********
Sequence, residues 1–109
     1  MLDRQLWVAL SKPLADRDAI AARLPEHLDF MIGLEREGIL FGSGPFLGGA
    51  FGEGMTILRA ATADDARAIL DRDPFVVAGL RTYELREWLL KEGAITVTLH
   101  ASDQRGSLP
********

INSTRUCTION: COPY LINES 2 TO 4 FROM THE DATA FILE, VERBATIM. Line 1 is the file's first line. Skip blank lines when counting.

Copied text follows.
     1  MLDRQLWVAL SKPLADRDAI AARLPEHLDF MIGLEREGIL FGSGPFLGGA
    51  FGEGMTILRA ATADDARAIL DRDPFVVAGL RTYELREWLL KEGAITVTLH
   101  ASDQRGSLP